Consumer acceptability and willingness to pay for introduced dessert bananas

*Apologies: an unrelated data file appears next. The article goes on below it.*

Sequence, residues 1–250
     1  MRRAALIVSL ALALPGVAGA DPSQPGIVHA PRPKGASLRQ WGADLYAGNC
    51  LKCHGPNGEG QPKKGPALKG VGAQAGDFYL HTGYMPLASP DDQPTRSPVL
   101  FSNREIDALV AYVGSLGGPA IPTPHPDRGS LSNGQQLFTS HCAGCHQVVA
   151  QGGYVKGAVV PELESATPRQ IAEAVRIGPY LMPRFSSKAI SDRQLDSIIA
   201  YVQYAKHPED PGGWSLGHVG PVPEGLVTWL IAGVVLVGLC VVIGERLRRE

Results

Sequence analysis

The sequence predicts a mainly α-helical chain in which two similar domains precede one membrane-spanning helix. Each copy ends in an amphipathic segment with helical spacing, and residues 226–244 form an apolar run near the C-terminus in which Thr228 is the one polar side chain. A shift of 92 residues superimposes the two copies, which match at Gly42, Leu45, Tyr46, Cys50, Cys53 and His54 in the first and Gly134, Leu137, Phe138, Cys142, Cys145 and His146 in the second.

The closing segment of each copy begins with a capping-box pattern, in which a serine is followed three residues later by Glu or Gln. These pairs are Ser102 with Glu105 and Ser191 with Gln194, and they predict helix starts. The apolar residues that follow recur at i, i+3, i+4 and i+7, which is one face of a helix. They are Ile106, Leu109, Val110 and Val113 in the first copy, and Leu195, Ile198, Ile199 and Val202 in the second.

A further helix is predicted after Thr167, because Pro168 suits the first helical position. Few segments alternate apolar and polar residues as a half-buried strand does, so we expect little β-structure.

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The study was done in three countries including Uganda, Kenya and Rwanda. In Uganda, two districts namely Kampala, an urban district and Luwero (Bamunanika sub-county) a district dominated by rural farming communities were sampled. In Kenya, the largest banana market in Nairobi City (Wakulima market) and in Rwanda, two large markets dealing in bananas (Kibisagara and Nyamirambo) were sampled. The study assessed the consumer acceptability and willingness to pay for introduced dessert bananas in Uganda, Kenya and Rwanda. Data comprising of sensory evaluation, prices consumers would be willing to pay, actual market prices paid, on farm gate prices farmers received and socioeconomic and dessert attributes that affect willingness to pay for the introduced dessert banana varieties were collected and analyzed using t- test and a hedonic pricing model respectively. Results indicated that all the three introduced dessert bananas were acceptable by consumers on local and regional markets though rated inferior to Gros Michel. All the sensory attributes of KABANA 3H and KABANA 4H were acceptable to consumers in the local and regional markets. The results further suggested that generally consumers were only willing to pay lower prices for introduced dessert bananas than Gros Michel. At least 50% of the consumers were willing to pay over Ug shs1,000 per average cluster compared Ug shs 1180.7 for Gros Michel. On the Ugandan market, customers paid over Ug shs 800= per cluster, a price close to that of Gros Michel (average of Ug shs 1190), while on the regional market, the prices customer paid for the introduced dessert bananas were not different from that paid for Gros Michel, indicating a promising market potential for the introduced dessert banana. The hedonic pricing models indicated that some of the socio-economic characteristics like education, household size, income and dessert banana attributes like taste, skin colour significantly influenced the willingness to pay for these bananas. It is concluded that, the three introduced dessert bananas have a high market potential. It is recommended that market development activities including organizing and training farmers in better methods of growing, handling bananas for both local and export markets; and promotional studies of the introduced dessert bananas among the urban consumers to widen their demand be done.